Dispatched from Freedom
JULY 22, 2008
It’s been almost six months now that I have been free, and it still feels like it’s all a dream. Early each morning, I awake to the sound of birds chirping all around me. I live in Bogotá’s savanna, where the air is crisp and I can take in the mountain scenery from my window. There isn’t a morning that goes by that I don’t thank God I’m still alive. It’s the first thing I do upon opening my eyes. Yes, to thank the blessing that’s reunited me with my mother, with my son, Emmanuel, with my family and friends, and with all those who I love most. I am grateful to finally be able to leave it all behind. The kidnapping, the captivity—that’s all in the past. Now that my life is back to normal, with the affection and company of my loved ones, it’s strange to recall that not so long ago, when I was rotting away in the jungle, I could have felt so alone. So utterly forgotten.
Many have asked if I’ve changed since the kidnapping; if I’m still the same Clara that I always was. I tell them yes, that for the most part, I’m still the same person—but with a scar on my stomach now, and a profound mark made on the way I think and feel about things, which I can only hope will fade with time. Sometimes I’m assaulted by feelings of sadness, but, luckily, I have Emmanuel at my side for comfort. As is expected, I would have preferred that the Colombian guerrilla organization known as the FARC hadn’t robbed me of six years of my life. But I’m alive and here to tell the tale. Each person will recount what the war was like from his or her perspective. I’m just another soldier. And this is my story.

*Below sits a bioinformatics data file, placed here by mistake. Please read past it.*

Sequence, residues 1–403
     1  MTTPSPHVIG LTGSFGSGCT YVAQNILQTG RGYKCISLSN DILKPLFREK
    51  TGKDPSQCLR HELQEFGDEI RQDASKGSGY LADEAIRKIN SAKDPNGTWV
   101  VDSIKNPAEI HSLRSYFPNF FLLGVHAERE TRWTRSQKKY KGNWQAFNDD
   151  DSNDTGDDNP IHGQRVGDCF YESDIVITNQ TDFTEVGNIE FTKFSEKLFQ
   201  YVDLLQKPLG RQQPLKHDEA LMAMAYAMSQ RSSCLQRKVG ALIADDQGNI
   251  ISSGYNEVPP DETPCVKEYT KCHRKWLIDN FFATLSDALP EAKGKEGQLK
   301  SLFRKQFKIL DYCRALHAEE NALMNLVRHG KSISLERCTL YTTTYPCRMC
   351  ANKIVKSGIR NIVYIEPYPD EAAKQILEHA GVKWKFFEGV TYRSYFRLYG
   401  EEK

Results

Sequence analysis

These words come from the depths of my heart, and I write this for many reasons. First, I’ve always dreamed of writing a book. I’ve written various academic and professional works, but this is a chance to bare my soul in the world of letters, a field that I’ve always adored. I’m also inspired to write a memoir so that it remains for my son and those of his generation. Because I long to be part of a country that prioritizes reconciliation, forgiveness, tolerance, growth, and peace. Lastly, I want to share my experience with readers and have them understand the difficulties I suffered and overcame, so that perhaps while reading this book, a seed of hope and longing will be planted in their hearts.
© 2009 PLON